Paul Klann Comes From Behind To Win WPT L. A. Poker Classic Championship

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After an extended battle during heads up play, Paul Klann was able to come back to defeat Paul Volpe to win one of the most prestigious events the tournament circuit has to offer, the World Poker Tour’s L. A. Poker Classic.

The six men vying for the title were ready for action when the cards went into the air on Thursday afternoon. Leading the way was Volpe, with his 4.195 million stack, while Klann was ensconced in second place over 800K chips behind him. The remainder of the table was replete with challenges, including veteran player Danny Fuhs, talented “newcomers” in David Fong and Jesse Yaginuma, and a champion from the European Poker Tour in the United Kingdom’s Toby Lewis. Whoever was going to take the title at the Commerce Casino would have a tough fight to earn the championship.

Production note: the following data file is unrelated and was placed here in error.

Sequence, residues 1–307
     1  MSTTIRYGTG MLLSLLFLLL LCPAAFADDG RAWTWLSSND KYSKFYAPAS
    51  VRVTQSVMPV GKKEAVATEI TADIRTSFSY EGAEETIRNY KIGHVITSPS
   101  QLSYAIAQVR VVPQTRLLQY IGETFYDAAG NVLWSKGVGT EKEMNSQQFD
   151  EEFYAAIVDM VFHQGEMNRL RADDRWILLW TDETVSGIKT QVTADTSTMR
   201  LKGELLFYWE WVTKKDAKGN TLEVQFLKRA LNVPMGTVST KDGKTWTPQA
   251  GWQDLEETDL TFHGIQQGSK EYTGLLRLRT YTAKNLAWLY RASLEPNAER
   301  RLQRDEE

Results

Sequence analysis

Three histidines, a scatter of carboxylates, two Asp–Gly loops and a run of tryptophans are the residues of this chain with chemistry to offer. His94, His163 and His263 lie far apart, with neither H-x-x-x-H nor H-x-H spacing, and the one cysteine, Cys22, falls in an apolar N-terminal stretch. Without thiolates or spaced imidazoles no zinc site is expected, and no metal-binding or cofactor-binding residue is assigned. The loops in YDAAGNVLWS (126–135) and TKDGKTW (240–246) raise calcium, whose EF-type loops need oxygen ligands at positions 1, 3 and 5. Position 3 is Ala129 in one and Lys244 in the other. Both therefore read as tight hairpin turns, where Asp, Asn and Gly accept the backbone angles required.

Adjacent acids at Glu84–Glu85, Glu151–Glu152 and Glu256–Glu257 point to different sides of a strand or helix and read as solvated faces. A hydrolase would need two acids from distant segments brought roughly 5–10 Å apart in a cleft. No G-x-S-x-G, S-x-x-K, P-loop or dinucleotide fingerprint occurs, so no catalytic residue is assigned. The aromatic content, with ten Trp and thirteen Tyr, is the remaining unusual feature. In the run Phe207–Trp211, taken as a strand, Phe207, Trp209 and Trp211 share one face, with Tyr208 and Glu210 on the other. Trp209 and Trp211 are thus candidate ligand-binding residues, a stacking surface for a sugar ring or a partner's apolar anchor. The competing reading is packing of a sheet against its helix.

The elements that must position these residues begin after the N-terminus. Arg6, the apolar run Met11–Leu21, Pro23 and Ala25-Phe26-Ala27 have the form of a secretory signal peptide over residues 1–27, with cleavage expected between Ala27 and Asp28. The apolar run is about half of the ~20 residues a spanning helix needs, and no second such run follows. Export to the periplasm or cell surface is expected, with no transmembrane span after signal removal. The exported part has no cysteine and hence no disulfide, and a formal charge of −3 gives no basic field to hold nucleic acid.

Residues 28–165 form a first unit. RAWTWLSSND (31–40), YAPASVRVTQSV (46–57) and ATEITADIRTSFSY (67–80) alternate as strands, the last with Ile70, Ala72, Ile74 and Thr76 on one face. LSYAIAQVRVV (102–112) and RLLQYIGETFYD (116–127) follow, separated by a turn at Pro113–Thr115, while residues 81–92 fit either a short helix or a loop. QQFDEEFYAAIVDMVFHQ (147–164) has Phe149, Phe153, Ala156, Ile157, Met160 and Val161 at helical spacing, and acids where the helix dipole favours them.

Only thirteen hands into the final table, the first casualty came about with the short-stacked Lewis. After coming to the final table with slightly more than a million in chips, Lewis found a spot to get some action after Fuhs made a minimum raise to 100K and Klann made the call. After Fuhs took some time to deliberate his action, he made the call and Klann quickly got out of the way. Lewis got his money in good, holding an A-10 against the A-9 of Fuhs, but the nine on the flop changed the course of the hand. The turn and river wouldn’t bring a ten to the rescue, sending Lewis out of the tournament in sixth place.